Talk Talk’s Mark Hollis was born in Tottenham in north London in 1955 and has died after a short illness aged 64.
Mark David Hollis (January 4, 1955 – February 25, 2019) was an English musician and singer-songwriter and co-founder, lead singer and main songwriter of Talk Talk. He wrote or co-wrote most of Talk Talk’s music including their hits “It’s My Life” and “Life’s What You Make It”.
Not much is known about his early life, as he was reluctant to be interviewed throughout his career and had a tendency to make up stories when he was interviewed. He told one journalist that he had dropped out of school before his final exams in High School, but told another he had studied child psychology at the University of Sussex.
As far as we know, Mark Hollis attended Tollington School, in London. Between school and the launch of his music career, he worked in factories and as a laboratory technician, but music was always what he wanted to do. Reflecting on this time in his life, he once said, “I could never wait to get home and start writing songs and lyrics. All day long I’d be jotting ideas down on bits of paper and just waiting for the moment when I could put it all down on tape!”
From the beginning Mark’s in music were very varied. The first record he bought, at the age of 12, was the Northern Soul classic Everlasting Love and his first concert was David Bowie.
When being interviewed for the Record Mirror in 1982, he said his main influences were Burt Bacharach and the counterculture icon William Burroughs, and that the best live show he’d ever seen was a performance of Shostakovich’s Symphony No 10 at London’s Royal Festival Hall.
His music career started to come to fruition when he formed a band called The Reaction. In 1977, The Reaction recorded a demo for Island Records; among the tracks was a Hollis original titled “Talk Talk Talk Talk” which later surfaced on the Beggars Banquet Records punk compilation Streets. After just one single, 1978’s “I Can’t Resist”, The Reaction broke up.
Through his brother, Hollis was introduced to musicians Paul Webb, Lee Harris and Simon Brenner, with whom he formed Talk Talk in 1981, and they soon signed to the EMI record label who hoped they could be another Duran Duran. The company even hired Duran Duran’s producer, Colin Thurston, to work on their first two singles, Mirror Man and Talk Talk.
However, Mark Hollis and the band were keen to shake off the “New Romantic” tag, even dismissing their poor keyboard player to make it clear they weren’t a synth-pop band.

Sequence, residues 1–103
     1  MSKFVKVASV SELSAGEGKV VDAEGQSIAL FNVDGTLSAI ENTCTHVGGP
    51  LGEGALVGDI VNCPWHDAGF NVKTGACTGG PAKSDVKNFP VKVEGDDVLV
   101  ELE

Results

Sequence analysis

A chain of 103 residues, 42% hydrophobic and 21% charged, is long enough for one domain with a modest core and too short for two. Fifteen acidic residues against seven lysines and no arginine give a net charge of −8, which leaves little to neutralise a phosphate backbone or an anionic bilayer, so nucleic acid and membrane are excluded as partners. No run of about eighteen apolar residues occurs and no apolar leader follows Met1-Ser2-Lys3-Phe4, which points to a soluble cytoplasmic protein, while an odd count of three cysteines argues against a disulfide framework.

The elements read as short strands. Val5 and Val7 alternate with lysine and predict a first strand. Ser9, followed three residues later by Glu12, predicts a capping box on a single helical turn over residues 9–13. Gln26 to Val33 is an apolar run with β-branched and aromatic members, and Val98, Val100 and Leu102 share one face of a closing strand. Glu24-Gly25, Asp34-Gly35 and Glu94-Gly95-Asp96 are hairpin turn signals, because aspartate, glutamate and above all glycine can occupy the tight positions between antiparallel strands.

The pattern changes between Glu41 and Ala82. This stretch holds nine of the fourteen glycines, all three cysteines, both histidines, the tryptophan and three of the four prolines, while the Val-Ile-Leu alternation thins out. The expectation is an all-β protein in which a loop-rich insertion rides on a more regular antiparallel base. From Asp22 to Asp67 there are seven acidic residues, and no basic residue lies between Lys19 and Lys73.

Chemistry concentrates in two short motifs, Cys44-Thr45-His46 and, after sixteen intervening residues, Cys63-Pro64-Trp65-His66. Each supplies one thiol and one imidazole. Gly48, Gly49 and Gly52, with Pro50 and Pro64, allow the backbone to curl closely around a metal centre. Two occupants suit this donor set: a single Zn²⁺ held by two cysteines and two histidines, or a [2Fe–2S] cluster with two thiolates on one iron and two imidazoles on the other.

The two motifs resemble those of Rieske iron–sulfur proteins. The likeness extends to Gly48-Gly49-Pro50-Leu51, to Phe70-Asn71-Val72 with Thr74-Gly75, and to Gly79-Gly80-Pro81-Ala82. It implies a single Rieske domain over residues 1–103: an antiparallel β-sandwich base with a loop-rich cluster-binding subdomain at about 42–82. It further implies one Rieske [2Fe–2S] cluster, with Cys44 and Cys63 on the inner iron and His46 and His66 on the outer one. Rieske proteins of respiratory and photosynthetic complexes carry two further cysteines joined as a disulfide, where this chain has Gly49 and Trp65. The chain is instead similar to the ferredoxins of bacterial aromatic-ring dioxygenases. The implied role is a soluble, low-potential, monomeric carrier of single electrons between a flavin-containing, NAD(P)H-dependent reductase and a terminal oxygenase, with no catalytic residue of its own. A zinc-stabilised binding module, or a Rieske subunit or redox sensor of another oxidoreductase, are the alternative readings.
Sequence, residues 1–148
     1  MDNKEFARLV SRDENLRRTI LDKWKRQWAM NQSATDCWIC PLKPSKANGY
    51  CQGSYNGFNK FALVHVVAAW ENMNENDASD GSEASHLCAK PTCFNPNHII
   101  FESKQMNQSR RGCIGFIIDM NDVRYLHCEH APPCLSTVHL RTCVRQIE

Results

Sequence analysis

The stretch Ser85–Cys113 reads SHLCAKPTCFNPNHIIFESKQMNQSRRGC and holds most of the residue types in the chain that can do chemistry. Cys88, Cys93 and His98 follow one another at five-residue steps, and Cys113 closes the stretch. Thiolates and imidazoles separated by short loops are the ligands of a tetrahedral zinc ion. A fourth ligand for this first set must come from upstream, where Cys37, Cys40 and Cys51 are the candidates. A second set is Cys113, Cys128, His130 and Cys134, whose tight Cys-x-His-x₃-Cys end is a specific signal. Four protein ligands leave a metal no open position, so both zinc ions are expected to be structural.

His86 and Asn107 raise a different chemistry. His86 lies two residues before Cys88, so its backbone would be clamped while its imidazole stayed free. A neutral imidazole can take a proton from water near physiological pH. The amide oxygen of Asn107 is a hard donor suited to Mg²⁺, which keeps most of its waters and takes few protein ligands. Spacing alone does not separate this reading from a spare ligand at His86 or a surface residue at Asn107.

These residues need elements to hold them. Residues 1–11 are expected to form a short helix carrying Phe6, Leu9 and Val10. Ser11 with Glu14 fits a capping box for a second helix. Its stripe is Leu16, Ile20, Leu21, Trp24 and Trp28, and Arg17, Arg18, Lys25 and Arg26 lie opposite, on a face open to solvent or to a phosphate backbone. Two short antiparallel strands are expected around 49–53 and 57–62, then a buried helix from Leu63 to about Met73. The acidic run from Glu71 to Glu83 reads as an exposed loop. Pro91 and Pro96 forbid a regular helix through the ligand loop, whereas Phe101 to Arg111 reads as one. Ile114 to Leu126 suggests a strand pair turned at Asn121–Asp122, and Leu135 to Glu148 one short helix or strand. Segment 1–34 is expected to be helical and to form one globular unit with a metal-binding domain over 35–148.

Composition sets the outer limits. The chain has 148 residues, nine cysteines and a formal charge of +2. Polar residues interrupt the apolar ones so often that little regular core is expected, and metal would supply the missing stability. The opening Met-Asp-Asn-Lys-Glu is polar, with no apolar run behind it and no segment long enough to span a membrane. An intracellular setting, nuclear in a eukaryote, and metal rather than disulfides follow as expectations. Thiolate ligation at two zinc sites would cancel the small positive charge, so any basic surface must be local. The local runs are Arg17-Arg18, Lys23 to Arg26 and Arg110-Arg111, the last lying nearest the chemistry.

The band deliberately took a year to record and shape their second album, It’s My Life, and even recorded animal noises at London Zoo for the title track.
The video for the song was compiled from clips of the David Attenborough series Life on Earth.
It’s My Life went on to become Talk Talk’s biggest hit and was later covered by No Doubt reaching the US Top 10 in 2003.
1986 saw the release of The Colour of Spring, which hinted at their musical ambitions, and based on the strength of the singles Life’s What You Make It and Give It Up, it became the band’s biggest album.
A year later, Talk Talk began working on their fourth LP in an abandoned Suffolk church. When they finally emerged 14 months later, it was hard to believe it was the same band.
Drawing on jazz-like arrangements, ambient textures and stunning orchestral arrangements, Spirit of Eden is a meditative, melancholy six-song suite that is as downbeat as it is breathtaking.
“It’s an engrossing, modern ‘head’ album, the kind of recording that Pink Floyd never became heavy enough to make,” said The Times newspaper in a typically enthusiastic review.
“I’d never heard music that dynamic while being organic. It’s such a brave record. To this day, I can hear its influence.” wrote Elbow’s Guy Garvey, who named the album Spirit of Eden his favorite in a recent edition of Q Magazine.
Unfortunately, the record performed very poorly with audiences and EMI deleted it after three months and then promptly dropped Talk Talk from their label.
Mark Hollis and Talk Talk then signed to Polydor records and released one further album, the equally ambitious Laughing Stock, before quietly splitting up and disappearing.
Hollis waited eight years before releasing his first, and only, solo album before retiring forever.
Some say he was always headed towards silence. In 1998 he said “Before you play two notes, learn how to play one note, and don’t play one note until you’ve got a reason to play it.”
There is something uniquely inspiring about a musician who actually puts a full stop on their career and there are no second-rate comeback albums or awkwardly staged reunions that will taint Talk Talk’s legacy.
On 25 February 2019, reports started online saying Mark Hollis had died, with posts from his family, collaborators and musical contemporaries acknowledging the death and offering condolences and tributes. His former manager, Keith Aspden, finally confirmed the next day that Hollis had died after a short illness. Further details, including the exact date of his death, have not yet been released.
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